“I think that continues to be right now a big focus for us as an organization,” coach Gary Kubiak said. “We drafted a few young guys last year. I do have a young guy in Lestar Jean that I think a lot of. DeVier Posey was making big, big progress and now we're dealing with a significant injury that is going to take some time

"So I think it’s important that we continue to strengthen our team in that area. Andre is in Year 11 or something like that now, so we’ve got to find some other guys to continue to produce alongside of him.”

The team's current No. 1, Kevin Walter, could wind up a salary-cap casualty. He does dirty work that doesn’t get enough credit, and that’s important. But if your dirty-work guy is also the second receiver on the field most of the time, it helps the offense if he’s a bigger threat against the one-on-one coverage he’s likely to draw.

Cordarrelle Patterson out of Tennessee is likely to be gone by the time the Texans draft 24th in the first round.

Cal’s Keenan Allen and Terrance Williams of Baylor probably rate as possibilities at the spot.

Evaluators say Allen can line up outside or inside and is a smooth route runner and at 6-foot-2 and about 210 pounds, he’s got some size. Allen rates himself as a physical, Anquan Boldin-type of receiver.

He won’t run at the combine because he tweaked an old knee injury in training so questions about his speed are likely to linger until his pro day on March 14.

“I feel like I'm a starter, self-motivated, a humble guy,” Allen said. “My work ethic is there. I'm a film junkie so I'm definitely doing that type of preparation for the game.”

Williams ranks as more of a vertical guy, and stretching the field more is something the Texans need to do to pen space for Arian Foster and Owen Daniels.

“I can stretch the field in a hurry,” Williams said.

He dismissed concerns that he’s only a vertical route runner, saying that when he’s asked to run other routes he’ll prove he can do so reliably.

West Virginia’s Tavon Austin is most different from anyone the Texans already have. He’s a smaller, slot-type of guy and should bring a spark to the team that lands him. But like anyone who’s 5-8 and 174 pounds, durability is a concern.

Austin admires Wes Welker, who’s pretty much the patron saint of up-and-coming slot guys nowadays.

“I think I’m a little quicker and faster than him,” Austin said. “So I figure if he can do it, I can do it, too.”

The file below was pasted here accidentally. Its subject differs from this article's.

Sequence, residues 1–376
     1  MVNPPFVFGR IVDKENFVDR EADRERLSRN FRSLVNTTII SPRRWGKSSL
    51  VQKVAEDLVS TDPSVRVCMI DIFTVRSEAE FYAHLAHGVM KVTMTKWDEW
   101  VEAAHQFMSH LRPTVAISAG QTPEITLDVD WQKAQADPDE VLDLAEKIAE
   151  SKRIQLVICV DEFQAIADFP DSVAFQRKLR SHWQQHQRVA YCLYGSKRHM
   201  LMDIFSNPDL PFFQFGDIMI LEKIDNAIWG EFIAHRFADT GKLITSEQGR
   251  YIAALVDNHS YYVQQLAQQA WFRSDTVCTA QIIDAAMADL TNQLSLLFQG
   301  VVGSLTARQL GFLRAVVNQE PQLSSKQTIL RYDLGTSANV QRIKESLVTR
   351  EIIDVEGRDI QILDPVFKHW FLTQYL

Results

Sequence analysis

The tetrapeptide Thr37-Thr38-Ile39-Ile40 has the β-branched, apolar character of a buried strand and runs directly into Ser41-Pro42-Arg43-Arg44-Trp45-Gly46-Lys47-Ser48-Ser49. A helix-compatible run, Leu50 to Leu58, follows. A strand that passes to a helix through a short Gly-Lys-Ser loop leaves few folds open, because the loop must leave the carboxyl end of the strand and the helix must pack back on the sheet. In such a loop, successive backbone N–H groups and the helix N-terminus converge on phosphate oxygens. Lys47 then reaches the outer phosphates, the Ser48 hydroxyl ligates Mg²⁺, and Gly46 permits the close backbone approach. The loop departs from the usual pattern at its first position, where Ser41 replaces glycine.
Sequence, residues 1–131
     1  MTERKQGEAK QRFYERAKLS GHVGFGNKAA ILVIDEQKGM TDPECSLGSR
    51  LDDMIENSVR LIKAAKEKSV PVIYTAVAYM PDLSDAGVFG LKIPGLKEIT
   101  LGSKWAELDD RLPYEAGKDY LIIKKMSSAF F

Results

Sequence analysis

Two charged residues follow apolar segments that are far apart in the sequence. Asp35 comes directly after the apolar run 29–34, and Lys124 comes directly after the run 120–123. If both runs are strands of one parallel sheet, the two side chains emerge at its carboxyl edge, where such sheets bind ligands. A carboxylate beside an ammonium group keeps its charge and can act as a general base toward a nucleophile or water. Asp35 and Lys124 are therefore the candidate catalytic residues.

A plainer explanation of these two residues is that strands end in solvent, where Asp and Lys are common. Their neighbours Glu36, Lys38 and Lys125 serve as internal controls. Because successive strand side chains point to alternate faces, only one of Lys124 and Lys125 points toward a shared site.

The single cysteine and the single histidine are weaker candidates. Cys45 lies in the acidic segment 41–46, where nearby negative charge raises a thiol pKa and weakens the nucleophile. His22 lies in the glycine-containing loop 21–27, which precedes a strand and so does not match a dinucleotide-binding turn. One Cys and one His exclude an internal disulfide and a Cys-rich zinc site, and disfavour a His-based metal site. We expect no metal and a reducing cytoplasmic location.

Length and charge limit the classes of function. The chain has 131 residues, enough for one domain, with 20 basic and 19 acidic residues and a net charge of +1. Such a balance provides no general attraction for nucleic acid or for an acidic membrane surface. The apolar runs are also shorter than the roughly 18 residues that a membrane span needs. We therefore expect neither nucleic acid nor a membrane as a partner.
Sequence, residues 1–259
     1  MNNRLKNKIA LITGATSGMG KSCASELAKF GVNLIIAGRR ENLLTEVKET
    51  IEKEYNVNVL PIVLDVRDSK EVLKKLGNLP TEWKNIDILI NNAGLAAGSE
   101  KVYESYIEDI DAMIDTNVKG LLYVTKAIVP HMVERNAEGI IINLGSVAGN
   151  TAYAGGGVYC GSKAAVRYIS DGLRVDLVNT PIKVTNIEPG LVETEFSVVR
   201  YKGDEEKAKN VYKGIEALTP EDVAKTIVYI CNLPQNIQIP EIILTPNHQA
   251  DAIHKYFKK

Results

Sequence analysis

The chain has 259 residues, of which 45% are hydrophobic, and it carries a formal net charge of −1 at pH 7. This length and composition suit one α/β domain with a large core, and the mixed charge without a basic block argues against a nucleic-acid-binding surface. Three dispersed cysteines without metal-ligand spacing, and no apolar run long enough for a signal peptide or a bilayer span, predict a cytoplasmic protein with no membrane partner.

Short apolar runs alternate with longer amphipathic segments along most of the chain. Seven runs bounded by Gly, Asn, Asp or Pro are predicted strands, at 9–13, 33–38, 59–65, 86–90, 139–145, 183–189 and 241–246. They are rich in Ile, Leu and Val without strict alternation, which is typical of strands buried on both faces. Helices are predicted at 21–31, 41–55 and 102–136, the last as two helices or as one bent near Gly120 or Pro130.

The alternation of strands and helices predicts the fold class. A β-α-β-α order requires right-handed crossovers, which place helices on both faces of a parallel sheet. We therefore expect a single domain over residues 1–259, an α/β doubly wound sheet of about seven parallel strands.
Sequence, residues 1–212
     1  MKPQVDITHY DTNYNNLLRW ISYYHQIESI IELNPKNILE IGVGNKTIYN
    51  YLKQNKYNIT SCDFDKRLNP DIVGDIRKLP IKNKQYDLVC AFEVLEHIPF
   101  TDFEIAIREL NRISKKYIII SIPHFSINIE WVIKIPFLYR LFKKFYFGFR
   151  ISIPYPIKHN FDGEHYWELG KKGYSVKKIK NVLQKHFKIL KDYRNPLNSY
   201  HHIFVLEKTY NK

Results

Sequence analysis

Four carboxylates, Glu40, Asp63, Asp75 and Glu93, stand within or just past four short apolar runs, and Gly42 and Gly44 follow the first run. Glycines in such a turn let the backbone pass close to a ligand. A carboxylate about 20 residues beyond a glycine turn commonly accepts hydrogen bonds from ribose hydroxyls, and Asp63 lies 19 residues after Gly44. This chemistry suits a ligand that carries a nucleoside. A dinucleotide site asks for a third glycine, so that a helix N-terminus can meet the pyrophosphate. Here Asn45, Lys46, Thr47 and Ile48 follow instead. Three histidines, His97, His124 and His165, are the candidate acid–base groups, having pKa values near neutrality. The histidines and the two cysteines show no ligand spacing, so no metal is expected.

It’s not a great receiver class overall. Pro Football Weekly rates it as a "C" group.

Houston went for guys in the middle of the draft last year and didn’t find immediate impact. A choice near the top of a middling class could do a lot for a team that could be one big piece away from being a constant matchup problem.

RTC: Schaub wasn't good enough

January, 14, 2013
Reading the coverage…

Houston Texans

“The Texans were eliminated in the divisional round because they didn’t make enough plays when they needed them, made too many mistakes at the worst time, failed to take advantage of opportunities, and consistently failed on third down,” says John McClain of the Houston Chronicle.

The way Matt Schaub played in December and January will not get it done, says Jerome Solomon of the Chronicle.

Given the limited choices of Super Bowl or bust, the Texans wound up with B, says Randy Harvey of the Chronicle.

The lack of third-quarter execution stopped the Texans from completing a momentum shift, says Dale Robertson of the Chronicle.

Even without Rob Gronkowski again, the Patriots offense steamrolled the Texans, says Don Banks of

The Patriots reminded the Texans who the boss is in the AFC, says Mike Freeman of

The gap between the Patriots and Texans only widened, says Nancy Gay of Fox Sports.

The Chronicle’s notebook: Danieal Manning did well returning kicks, Rick Dennison thought his meeting with the Bears went well, inconsistency plagued the Texans offense and other notes from the Chronicle.

Owner Bob McNair thinks the Texans need more depth to take the next step, says Tania Ganguli of the Chronicle.

Receiver DeVier Posey’s got a torn Achilles, says Ganguli.

J.J. Watt explains his pregame spitting “controversy,” from Ganguli.

Wes Welker let his play speak for him, says Seth Lakso for the Chronicle.

Indianapolis Colts

Jim Irsay’s decisions to change things proved awfully smart, says Michael Marot of the Associated Press.

Jacksonville Jaguars